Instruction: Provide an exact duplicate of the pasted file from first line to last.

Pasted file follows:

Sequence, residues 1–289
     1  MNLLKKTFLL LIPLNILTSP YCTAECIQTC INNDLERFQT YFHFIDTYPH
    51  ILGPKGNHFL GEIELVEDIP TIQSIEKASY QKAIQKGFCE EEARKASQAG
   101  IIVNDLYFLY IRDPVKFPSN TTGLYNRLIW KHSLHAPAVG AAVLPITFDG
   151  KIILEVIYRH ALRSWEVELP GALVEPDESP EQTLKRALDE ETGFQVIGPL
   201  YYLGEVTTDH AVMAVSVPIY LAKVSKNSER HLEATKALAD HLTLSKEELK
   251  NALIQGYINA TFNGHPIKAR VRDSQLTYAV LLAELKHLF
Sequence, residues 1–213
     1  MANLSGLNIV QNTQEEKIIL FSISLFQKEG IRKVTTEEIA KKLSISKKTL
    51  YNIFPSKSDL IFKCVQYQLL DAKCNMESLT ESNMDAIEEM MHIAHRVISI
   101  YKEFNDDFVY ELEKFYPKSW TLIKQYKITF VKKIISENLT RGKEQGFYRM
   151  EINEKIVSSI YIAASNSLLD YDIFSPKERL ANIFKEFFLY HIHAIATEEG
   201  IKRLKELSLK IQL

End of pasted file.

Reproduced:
Sequence, residues 1–289
     1  MNLLKKTFLL LIPLNILTSP YCTAECIQTC INNDLERFQT YFHFIDTYPH
    51  ILGPKGNHFL GEIELVEDIP TIQSIEKASY QKAIQKGFCE EEARKASQAG
   101  IIVNDLYFLY IRDPVKFPSN TTGLYNRLIW KHSLHAPAVG AAVLPITFDG
   151  KIILEVIYRH ALRSWEVELP GALVEPDESP EQTLKRALDE ETGFQVIGPL
   201  YYLGEVTTDH AVMAVSVPIY LAKVSKNSER HLEATKALAD HLTLSKEELK
   251  NALIQGYINA TFNGHPIKAR VRDSQLTYAV LLAELKHLF
Sequence, residues 1–213
     1  MANLSGLNIV QNTQEEKIIL FSISLFQKEG IRKVTTEEIA KKLSISKKTL
    51  YNIFPSKSDL IFKCVQYQLL DAKCNMESLT ESNMDAIEEM MHIAHRVISI
   101  YKEFNDDFVY ELEKFYPKSW TLIKQYKITF VKKIISENLT RGKEQGFYRM
   151  EINEKIVSSI YIAASNSLLD YDIFSPKERL ANIFKEFFLY HIHAIATEEG
   201  IKRLKELSLK IQL